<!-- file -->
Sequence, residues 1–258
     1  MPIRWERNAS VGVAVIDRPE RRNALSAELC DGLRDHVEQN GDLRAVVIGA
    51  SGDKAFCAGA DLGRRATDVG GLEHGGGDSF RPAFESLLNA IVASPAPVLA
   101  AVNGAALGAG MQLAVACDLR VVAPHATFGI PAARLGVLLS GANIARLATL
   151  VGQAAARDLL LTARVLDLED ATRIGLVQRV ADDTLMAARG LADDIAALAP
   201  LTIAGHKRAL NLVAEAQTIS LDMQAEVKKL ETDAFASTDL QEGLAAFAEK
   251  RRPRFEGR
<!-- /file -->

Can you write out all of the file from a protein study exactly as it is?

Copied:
Sequence, residues 1–258
     1  MPIRWERNAS VGVAVIDRPE RRNALSAELC DGLRDHVEQN GDLRAVVIGA
    51  SGDKAFCAGA DLGRRATDVG GLEHGGGDSF RPAFESLLNA IVASPAPVLA
   101  AVNGAALGAG MQLAVACDLR VVAPHATFGI PAARLGVLLS GANIARLATL
   151  VGQAAARDLL LTARVLDLED ATRIGLVQRV ADDTLMAARG LADDIAALAP
   201  LTIAGHKRAL NLVAEAQTIS LDMQAEVKKL ETDAFASTDL QEGLAAFAEK
   251  RRPRFEGR